United Church of Christ

Meeting virtually for 1st time, UCC Board gets update on pandemic responses

The United Church of Christ Board met via videoconference March 27 for the first time ever, addressing familiar business – General Synod preparations, strategic planning, financial forecasts – but also leaning into the effects of the COVID-19 pandemic and a coordinated UCC response. 

UCC Board Zoom screen shot, 3/27/20The semi-yearly board meeting and its preparatory March 26 committee sessions had been planned as in-person meetings to be held in Cleveland. They were moved online for the safety of board members from around the country, to comply with U.S. Centers for Disease Control coronavirus guidelines and recommendations from Ohio and federal officials that sizes of gatherings be limited. 

Some 50 Board and staff members from Maine to Hawaii logged into the video platform Zoom for the five-hour plenary on March 27. Among the leaders acknowledging the gravity of the pandemic was the Rev. John Dorhauer, general minister and president. 

"When this ends, there will plenty to grieve," Dorhauer said of the pandemic. "When this ends, there will be plenty to celebrate."

As for grief, Dorhauer said, "With each day in our own contexts we see the numbers of cases and the number of deaths going up considerably and exponentially." He noted funerals are unable to be held for who have died, whether from COVID-19 or not, "which only compounds the grief and makes it all the more difficult for people to process and come to a sense of closure." Another kind of grief will arrive, he said, when, "come Easter, our churches are not going to be able to gather in the sanctuary."

Things to celebrate, he said, are not limited to how UCC churches are responding to the crisis with "acts of kindness and compassion that stir the heart." He noted the advantages some churches are discovering in worship via the Internet, with some "getting more people showing up in their online service than they would ever get in their sanctuary."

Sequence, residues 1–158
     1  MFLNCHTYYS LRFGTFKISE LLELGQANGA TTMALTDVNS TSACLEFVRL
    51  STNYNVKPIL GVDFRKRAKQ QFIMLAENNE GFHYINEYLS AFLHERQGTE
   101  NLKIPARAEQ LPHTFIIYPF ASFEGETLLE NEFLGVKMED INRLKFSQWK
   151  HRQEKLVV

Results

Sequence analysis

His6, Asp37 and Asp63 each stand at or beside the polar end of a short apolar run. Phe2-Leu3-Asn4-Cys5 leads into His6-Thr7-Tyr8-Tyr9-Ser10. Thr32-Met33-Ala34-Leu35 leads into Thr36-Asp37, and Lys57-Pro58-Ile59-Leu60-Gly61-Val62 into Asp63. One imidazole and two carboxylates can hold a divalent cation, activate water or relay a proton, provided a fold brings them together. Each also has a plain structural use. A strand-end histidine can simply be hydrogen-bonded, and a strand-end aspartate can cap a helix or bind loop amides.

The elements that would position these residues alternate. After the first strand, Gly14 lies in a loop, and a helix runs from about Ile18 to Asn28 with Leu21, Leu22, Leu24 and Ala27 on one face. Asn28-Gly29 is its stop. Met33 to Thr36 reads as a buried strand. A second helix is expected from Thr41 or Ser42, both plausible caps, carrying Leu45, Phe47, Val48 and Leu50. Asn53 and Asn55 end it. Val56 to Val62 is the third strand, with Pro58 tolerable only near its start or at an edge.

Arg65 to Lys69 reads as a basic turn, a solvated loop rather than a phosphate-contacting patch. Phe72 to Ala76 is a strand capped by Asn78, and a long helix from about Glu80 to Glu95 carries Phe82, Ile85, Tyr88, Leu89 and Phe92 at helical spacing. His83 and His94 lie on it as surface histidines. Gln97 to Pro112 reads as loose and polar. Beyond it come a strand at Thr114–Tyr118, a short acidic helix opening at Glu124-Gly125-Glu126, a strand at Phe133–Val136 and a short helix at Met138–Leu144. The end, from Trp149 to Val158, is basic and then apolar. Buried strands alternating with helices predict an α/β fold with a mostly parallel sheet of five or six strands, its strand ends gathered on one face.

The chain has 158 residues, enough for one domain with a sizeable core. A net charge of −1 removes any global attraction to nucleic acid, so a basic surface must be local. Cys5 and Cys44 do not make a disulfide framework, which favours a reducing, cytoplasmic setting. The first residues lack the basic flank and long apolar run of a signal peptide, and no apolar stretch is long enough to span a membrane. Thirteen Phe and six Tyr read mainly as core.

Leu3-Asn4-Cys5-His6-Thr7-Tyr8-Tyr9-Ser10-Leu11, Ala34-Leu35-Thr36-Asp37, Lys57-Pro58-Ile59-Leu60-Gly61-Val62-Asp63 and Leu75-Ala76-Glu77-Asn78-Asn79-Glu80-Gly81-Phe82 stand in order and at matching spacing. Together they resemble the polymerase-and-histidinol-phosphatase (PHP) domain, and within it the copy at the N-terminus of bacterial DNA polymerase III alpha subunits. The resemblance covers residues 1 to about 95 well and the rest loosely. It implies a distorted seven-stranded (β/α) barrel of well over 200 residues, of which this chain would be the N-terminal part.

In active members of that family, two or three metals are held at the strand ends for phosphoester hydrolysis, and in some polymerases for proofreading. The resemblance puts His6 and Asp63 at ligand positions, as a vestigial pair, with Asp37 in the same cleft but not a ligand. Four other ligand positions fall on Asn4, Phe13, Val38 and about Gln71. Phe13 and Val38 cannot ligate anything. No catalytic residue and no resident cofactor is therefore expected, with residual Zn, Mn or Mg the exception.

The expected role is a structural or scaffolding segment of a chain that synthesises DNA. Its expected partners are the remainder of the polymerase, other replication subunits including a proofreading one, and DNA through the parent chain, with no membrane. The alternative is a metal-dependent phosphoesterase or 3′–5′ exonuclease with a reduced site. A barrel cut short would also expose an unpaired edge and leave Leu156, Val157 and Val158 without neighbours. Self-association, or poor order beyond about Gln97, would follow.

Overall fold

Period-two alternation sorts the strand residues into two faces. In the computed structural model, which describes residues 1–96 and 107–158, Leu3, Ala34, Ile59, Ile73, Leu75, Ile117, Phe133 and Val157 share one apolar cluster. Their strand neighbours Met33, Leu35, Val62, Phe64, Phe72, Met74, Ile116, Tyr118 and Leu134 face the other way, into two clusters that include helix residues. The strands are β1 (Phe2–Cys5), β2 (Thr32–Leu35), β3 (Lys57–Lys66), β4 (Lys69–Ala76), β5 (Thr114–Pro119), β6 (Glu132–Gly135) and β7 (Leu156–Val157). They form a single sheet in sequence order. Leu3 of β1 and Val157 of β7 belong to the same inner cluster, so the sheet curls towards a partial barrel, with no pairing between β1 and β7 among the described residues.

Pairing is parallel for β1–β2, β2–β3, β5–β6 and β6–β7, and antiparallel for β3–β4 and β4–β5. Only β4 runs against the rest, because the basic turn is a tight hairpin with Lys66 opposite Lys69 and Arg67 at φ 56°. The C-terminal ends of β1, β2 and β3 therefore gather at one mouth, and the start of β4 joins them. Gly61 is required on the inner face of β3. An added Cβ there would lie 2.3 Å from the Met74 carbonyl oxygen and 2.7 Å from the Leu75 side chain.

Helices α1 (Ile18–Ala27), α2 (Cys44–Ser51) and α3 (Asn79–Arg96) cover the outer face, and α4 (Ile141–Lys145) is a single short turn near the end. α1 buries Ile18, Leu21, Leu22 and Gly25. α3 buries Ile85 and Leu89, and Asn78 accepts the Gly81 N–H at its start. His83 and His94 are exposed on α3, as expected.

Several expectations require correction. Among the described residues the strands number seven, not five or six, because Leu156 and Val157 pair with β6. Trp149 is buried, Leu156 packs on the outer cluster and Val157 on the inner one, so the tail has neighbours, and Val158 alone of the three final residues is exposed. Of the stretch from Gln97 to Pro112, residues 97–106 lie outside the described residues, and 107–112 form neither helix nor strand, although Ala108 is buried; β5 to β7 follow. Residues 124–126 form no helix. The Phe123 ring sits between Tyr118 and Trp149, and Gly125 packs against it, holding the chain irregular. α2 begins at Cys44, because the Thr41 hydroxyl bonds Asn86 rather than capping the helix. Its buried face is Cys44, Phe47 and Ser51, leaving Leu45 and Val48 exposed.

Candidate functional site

Dorhauer said he hoped that, "when this ends, the church doesn't just wipe its brow and say, 'We did what we had to do to get through COVID, thank God that's behind us, now let's go back to be being the church.' I really hope and pray that what we're discovering is a new way to be the church, not to replace what has been, but a both-and."

In several reports, the Board heard how various settings of the church are reckoning with the pandemic's financial impact – starting with local churches. Congregations vary in their preparedness to receive gifts digitally and many will see a decrease in member offerings, at least temporarily, while they are not gathering in person. 

A team being formed by the Council of Conference Ministers is taking on the task of developing a UCC-wide response strategy to address such financial issues. Reporting for the council to the UCC Board, the Rev. Carrie Call of the Penn Central Conference said a virtual "situation room" is being formed, including national officers and executives of the UCC's financial ministries. Together, leaders from various settings of the church will try to answer questions such as: 

  • Who is most vulnerable?  
  • What do local churches need most? 
  • What needs and changes do we foresee in next 18 to 24 months?  
  • How do we envision what support for local churches might look like? 
  • How to talk about needs and changes of Conferences in the next 18 to 24 months?

In other business, the board: 

  • Learned that Justice and Local Church Ministries plans to host churchwide Zoom videoconferences every Thursday, starting April 2, with up to 1,000 participants. The first will be a call to prayer, said the Rev. Traci Blackmon, associate general minister for JLCM. The second will focus on mental health. 
  • Passed a resolution submitted by the Hawaii Conference, marking the 200th anniversary of the arrival in Hawaii – in April 1820 – of missionaries from the American Board of Commissioners for Foreign Missions, a Congregationalist predecessor of the UCC's Wider Church Ministries. 
  • Received a progress report on a 2013 General Synod resolution calling for strategies to address the debt burden faced by seminary graduates. Dorhauer and Brian Bodager, CEO of The Pension Boards, reported they had signed a "document of collaboration" under which the pension agency aims to raise $3 million for that purpose. Bodager said the effort will become part of the Ministers' Financial Vitality Initiative, with the intention of making grants available to hundreds of clergy who participate in collaboration with their congregations.
  • Took up matters related to the denomination's General Synod, including a "behavioral covenant" for the exhibit hall, possible modifications to how resolutions are handled and a 2021 theme and logo. (See related story.)

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